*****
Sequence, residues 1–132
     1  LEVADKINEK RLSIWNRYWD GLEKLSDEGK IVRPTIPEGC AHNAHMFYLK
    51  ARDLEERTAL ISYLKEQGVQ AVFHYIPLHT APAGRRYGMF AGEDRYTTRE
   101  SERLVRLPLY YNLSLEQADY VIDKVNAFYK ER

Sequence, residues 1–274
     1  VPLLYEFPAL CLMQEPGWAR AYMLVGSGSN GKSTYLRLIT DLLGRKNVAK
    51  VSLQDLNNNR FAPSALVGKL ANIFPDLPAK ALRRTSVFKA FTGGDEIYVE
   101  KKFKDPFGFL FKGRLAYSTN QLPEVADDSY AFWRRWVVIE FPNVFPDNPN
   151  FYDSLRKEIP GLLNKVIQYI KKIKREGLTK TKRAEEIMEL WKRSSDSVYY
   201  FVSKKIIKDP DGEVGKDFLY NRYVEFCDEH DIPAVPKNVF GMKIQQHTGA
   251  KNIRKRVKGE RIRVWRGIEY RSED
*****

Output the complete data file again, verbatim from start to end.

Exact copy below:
Sequence, residues 1–132
     1  LEVADKINEK RLSIWNRYWD GLEKLSDEGK IVRPTIPEGC AHNAHMFYLK
    51  ARDLEERTAL ISYLKEQGVQ AVFHYIPLHT APAGRRYGMF AGEDRYTTRE
   101  SERLVRLPLY YNLSLEQADY VIDKVNAFYK ER

Sequence, residues 1–274
     1  VPLLYEFPAL CLMQEPGWAR AYMLVGSGSN GKSTYLRLIT DLLGRKNVAK
    51  VSLQDLNNNR FAPSALVGKL ANIFPDLPAK ALRRTSVFKA FTGGDEIYVE
   101  KKFKDPFGFL FKGRLAYSTN QLPEVADDSY AFWRRWVVIE FPNVFPDNPN
   151  FYDSLRKEIP GLLNKVIQYI KKIKREGLTK TKRAEEIMEL WKRSSDSVYY
   201  FVSKKIIKDP DGEVGKDFLY NRYVEFCDEH DIPAVPKNVF GMKIQQHTGA
   251  KNIRKRVKGE RIRVWRGIEY RSED